Israel has lifted its ban on imports of Apple’s iPad and will start allowing the device into the country as early as today. As well, the country plans to release 20 iPads that had been previously confiscated from gadget-happy travelers since the iPad’s U.S. launch April 3–to the tune of a $12 dollar a day (or 45 shekels) storage fee by Israeli authorities.
Officials initially blocked the iPad from entering Israeli territory as a result of a squabble over the iPad’s wireless transmission capabilities. As PCMag.com reported on April 15:
The move apparently comes after the ministry’s engineering staff could not agree on a means to test the iPad’s compatibility with Israel’s wireless networks.
“The iPad device sold exclusively today in the United States operates at broadcast power levels [over its WiFi modem] compatible with American standards,” according to statement published by the Monitor. “As the Israeli regulations in the area of WiFi are similar to European standards, which are different from American standards, which permit broadcasting at lower power, therefore the broadcast levels of the device prevent approving its use in Israel.”
The decision was met with skepticism in Silicon Valley and Israel, reports The Wall Street Journal, as both travelers and international enthusiasts didn’t understand the technological reasoning for the ban. If anything, the iPad’s wireless power–as a result of its all-aluminum body and smaller antenna than comparable devices–would be less significant than comparable devices. And, indeed, travelers have been importing and carrying devices “tuned” to U.S. standards for wireless transmission for years.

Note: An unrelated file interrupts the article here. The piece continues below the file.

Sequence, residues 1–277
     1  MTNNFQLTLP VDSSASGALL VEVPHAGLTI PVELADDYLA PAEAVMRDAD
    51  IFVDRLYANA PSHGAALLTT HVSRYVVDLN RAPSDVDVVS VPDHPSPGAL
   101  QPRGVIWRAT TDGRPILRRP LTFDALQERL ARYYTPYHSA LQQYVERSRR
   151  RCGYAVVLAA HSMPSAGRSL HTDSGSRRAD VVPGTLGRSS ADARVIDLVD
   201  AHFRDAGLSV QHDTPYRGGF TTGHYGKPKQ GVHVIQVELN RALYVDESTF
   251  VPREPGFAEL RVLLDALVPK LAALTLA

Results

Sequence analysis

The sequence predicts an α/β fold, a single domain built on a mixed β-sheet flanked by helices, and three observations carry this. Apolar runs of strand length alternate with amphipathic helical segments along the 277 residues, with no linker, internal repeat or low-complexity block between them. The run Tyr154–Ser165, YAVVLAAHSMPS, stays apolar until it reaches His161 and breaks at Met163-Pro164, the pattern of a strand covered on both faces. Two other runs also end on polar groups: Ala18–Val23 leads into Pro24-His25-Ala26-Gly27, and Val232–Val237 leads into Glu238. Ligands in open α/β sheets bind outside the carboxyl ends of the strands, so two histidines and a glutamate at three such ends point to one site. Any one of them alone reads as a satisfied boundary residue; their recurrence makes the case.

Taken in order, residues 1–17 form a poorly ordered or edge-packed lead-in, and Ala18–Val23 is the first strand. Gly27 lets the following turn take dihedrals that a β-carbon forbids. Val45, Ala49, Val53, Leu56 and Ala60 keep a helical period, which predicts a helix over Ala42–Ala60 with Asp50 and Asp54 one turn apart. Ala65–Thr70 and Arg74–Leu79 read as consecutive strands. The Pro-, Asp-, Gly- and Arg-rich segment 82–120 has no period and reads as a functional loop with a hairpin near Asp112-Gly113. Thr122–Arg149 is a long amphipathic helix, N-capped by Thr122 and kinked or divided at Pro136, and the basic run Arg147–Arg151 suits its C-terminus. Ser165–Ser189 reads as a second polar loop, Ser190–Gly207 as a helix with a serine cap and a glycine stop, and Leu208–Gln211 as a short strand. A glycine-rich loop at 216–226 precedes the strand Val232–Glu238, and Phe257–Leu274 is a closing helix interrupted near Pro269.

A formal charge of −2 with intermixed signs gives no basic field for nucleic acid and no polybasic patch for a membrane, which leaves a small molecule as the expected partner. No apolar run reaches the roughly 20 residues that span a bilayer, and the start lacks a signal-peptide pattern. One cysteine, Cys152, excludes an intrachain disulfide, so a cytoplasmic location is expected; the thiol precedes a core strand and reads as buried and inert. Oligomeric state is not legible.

“If they’re paranoid about the iPad then they should be paranoid about BlackBerrys and the iPhone,” said Richard Doherty, an analyst with technology consulting firm Envisioneering Group, in an interview with The Wall Street Journal. “[The decision] seems to have no technical reason.”
So what, then, prompted Israel to reverse its ban? According to a statement by Israel Minister of Communications Moshe Kakhlon, the ban was lifted, “Following the completion of intensive technical scrutiny.” That’s not the story that everyone’s buying, however–especially Israeli journalist Aharon Etengoff.
“Indeed, it is worth noting that Apple’s Israeli distributor, iDigital, is run by Chemi Peres, the hyper-entrepreneurial son of Israeli President Shimon Peres,” wrote Etengoff in an article on TG Daily. “Clearly, iDigital wants its lucrative cut of every iPad brought into the country – which it will undoubtedly receive when a modified European version of the iPad is approved for import over the next two or three months.”
International preorders for Apple’s iPad begin on May 10.